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|1963 - 2017|
Bersekutu Bertambah Mutu
(EN) Unity Is Strength
|Official language||Bahasa Malaysia|
|Government||Federal parlamentary democracy under an elective constitutional monarchy|
|Head of government||Prime Minister |
|Date Formed||September 16th, 1963|
|Date Dissolved / Integrated into the UFE||August 10th, 2017|
Malaysia had its origins in the Malay kingdoms present in the area which, from the 18th century, became subject to the British Empire. The first British territories were known as the Straits Settlements, whose establishment was followed by the Malay kingdoms becoming British protectorates. The territories on Peninsular Malaysia were first unified as the Malayan Union in 1946. Malaya was restructured as the Federation of Malaya in 1948, and achieved independence on 31 August 1957. Malaya united with North Borneo, Sarawak, and Singapore on 16 September 1963. Less than two years later in 1965, Singapore was expelled from the federation.
In 2017, the Malaysian government became one of the last functioning administrative bodies in the world. It was one of the founding members of the United Federation of Earth.
Malaysia was a relatively open state-oriented and newly industrialised market economy. The state played a significant but declining role in guiding economic activity through macroeconomic plans. Malaysia had one of the best economic records in Asia, with GDP growing an average 6.5 percent annually from 1957 to 2005. Malaysia's economy in 2014–2015 was one of the most competitive in Asia, ranking 6th in Asia and 20th in the world, higher than countries like Australia, France and South Korea. In 2014, Malaysia's economy grew 6%, the second highest growth in ASEAN behind Philippines' growth of 6.1%. The economy of Malaysia (GDP PPP) in 2014 was $746.821 billion, the third largest in ASEAN behind more populous Indonesia and Thailand and the 28th largest in the world.
In 1991, former Prime Minister of Malaysia, Mahathir Mohamad outlined his ideal in Vision 2020, in which Malaysia would become a self-sufficient industrialised nation by 2020. Najib Razak has said Malaysia could attain developed country status much earlier from the actual target in 2020, adding the country had two program concept such as Government Transformation Programme and the Economic Transformation Programme.
In the 1970s, the predominantly mining and agricultural-based economy began a transition towards a more multi-sector economy. Since the 1980s, the industrial sector, with a high level of investment, had led the country's growth. The had economy recovered from the 1997 Asian Financial Crisis earlier than neighbouring countries did, and had since recovered to the levels of the pre-crisis era with a GDP per capita of $14,800. Economic inequalities existed between different ethnic groups. The Chinese made up about one-quarter of the population, but accounts for 70 per cent of the country's market capitalisation. Chinese businesses in Malaysia were part of the larger bamboo network, a network of overseas Chinese businesses in the Southeast Asian market sharing common family and cultural ties.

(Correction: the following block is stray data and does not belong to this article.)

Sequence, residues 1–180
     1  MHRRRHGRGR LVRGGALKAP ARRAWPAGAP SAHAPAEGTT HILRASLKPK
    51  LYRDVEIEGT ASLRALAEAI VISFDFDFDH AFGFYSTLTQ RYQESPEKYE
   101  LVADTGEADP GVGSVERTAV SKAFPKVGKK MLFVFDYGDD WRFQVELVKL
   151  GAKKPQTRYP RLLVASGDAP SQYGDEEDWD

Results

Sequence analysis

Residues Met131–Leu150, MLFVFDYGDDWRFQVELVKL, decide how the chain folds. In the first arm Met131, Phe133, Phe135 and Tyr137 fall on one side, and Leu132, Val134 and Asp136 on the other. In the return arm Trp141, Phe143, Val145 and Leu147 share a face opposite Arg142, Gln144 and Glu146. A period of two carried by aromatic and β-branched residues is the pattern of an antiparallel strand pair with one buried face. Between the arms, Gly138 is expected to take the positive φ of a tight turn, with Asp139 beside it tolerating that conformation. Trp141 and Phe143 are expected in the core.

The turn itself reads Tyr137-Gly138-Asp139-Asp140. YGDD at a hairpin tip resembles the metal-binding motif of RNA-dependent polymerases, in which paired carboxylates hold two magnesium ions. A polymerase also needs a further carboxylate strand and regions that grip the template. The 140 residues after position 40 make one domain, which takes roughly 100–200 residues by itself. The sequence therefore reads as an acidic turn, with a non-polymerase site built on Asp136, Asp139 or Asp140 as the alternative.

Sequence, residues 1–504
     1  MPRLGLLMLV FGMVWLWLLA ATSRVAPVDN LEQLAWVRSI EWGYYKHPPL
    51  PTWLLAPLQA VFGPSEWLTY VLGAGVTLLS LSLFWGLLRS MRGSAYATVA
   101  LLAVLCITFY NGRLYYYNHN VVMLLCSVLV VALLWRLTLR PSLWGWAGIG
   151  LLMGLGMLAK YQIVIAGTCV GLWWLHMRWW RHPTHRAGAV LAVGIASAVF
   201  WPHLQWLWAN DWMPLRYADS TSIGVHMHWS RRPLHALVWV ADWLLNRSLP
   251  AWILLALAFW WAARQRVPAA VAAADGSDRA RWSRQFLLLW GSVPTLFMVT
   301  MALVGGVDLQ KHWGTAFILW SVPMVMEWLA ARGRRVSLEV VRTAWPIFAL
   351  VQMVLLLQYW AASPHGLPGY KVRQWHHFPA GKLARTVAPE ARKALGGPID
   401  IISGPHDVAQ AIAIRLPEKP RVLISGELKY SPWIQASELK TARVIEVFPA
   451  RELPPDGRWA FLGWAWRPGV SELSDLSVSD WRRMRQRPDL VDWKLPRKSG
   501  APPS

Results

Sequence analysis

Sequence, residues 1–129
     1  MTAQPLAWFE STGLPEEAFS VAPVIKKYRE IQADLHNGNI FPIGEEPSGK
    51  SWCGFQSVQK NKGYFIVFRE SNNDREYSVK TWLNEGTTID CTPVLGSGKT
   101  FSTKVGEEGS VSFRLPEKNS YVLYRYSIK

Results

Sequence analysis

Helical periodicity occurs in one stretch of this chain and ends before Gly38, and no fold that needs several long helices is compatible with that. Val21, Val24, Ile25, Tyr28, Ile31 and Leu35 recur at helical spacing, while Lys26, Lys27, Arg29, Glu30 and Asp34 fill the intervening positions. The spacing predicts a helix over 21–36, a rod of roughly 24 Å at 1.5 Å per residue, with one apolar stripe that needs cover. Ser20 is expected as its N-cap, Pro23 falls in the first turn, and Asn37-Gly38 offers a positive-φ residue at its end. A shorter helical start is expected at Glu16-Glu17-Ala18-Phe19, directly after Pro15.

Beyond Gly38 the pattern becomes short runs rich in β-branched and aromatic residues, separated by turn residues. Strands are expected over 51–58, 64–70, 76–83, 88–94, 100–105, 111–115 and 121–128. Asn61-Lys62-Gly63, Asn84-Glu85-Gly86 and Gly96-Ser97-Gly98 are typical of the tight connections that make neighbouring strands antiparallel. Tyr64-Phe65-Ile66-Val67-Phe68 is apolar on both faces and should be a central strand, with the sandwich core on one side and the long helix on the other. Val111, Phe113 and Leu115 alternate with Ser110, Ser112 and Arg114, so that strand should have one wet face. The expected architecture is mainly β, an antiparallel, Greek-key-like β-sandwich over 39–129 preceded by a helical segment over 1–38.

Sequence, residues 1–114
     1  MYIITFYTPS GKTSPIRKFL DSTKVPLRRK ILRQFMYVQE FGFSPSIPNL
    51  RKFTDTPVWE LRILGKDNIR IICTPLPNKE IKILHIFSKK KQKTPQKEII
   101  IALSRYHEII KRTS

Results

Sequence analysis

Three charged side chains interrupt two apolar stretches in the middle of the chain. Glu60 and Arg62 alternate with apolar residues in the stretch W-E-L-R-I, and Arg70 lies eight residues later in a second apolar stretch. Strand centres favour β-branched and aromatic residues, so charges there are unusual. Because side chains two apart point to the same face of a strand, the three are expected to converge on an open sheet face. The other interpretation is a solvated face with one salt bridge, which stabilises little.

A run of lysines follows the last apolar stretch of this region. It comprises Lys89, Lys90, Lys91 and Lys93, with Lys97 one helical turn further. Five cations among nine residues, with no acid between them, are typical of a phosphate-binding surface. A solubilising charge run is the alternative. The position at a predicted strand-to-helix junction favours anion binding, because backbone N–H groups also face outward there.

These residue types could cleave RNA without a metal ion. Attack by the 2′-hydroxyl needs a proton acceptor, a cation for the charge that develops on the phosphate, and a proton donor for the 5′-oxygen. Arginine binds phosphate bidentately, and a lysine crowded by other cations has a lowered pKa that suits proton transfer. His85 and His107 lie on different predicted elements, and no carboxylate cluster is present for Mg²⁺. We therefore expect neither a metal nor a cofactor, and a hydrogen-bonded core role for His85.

Governance and politics
Malaysia was a federal constitutional elective monarchy, and the only federation in Southeast Asia. The system of government was closely modelled on that of the Westminster parliamentary system, a legacy of British colonial rule. The pre-war head of state was the Yang di-Pertuan Agong, which was commonly referred to as the King. The King was elected to a five-year term by and from among the nine hereditary rulers of the Malay states; the other four states, which have titular Governors, did not participate in the selection. By informal agreement the position was systematically rotated among the nine, and had been held by Abdul Halim of Kedah between 2011 and 2017. The King's role had been largely ceremonial since changes to the constitution in 1994, picking ministers and members of the upper house.
Legislative power was divided between federal and state legislatures: the bicameral federal parliament consists of the lower house, the House of Representatives and theupper house, the Senate. The 222-member House of Representatives was elected for a maximum term of five years from single-member constituencies. All 70 senators sat for three-year terms; 26 were elected by the 13 state assemblies, and the remaining 44 were appointed by the King upon the Prime Minister's recommendation. The parliament followed a multi-party system and the government was elected through a first-past-the-post system. Since independence and until the 2017 Unification, Malaysia had been governed by a 13-party coalition known as the Barisan Nasional.
During the War
After the invasion of the Xi'Eya, the Malaysian government ordered an immediate evacuation of urban areas, however only a small number of citizens were saved from the destruction that followed (about 5,103,000 people). The Malaysian government attended the Rio de Janeiro meeting, supporting the idea of global unification from the first stages of the war. The Malaysian mailand territory was easily conquered by Xi'Eya forces, with citizens being evacuated to Cairo, one of the only two remaining major cities.
On August 9th, 2017, the Prime Minister of Malaysia signed the Treaty of Unification, becoming one of the founding members of the UFE.